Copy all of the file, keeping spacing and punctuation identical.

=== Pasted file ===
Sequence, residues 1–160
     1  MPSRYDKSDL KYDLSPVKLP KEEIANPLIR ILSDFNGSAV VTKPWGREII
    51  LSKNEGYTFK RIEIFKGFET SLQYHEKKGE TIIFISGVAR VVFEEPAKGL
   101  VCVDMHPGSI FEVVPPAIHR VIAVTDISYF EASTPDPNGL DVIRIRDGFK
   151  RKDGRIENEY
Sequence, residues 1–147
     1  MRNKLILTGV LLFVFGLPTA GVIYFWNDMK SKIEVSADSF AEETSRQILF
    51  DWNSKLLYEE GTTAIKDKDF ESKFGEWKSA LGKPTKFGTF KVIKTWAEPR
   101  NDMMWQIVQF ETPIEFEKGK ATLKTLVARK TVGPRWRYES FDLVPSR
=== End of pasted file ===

Sequence, residues 1–160
     1  MPSRYDKSDL KYDLSPVKLP KEEIANPLIR ILSDFNGSAV VTKPWGREII
    51  LSKNEGYTFK RIEIFKGFET SLQYHEKKGE TIIFISGVAR VVFEEPAKGL
   101  VCVDMHPGSI FEVVPPAIHR VIAVTDISYF EASTPDPNGL DVIRIRDGFK
   151  RKDGRIENEY
Sequence, residues 1–147
     1  MRNKLILTGV LLFVFGLPTA GVIYFWNDMK SKIEVSADSF AEETSRQILF
    51  DWNSKLLYEE GTTAIKDKDF ESKFGEWKSA LGKPTKFGTF KVIKTWAEPR
   101  NDMMWQIVQF ETPIEFEKGK ATLKTLVARK TVGPRWRYES FDLVPSR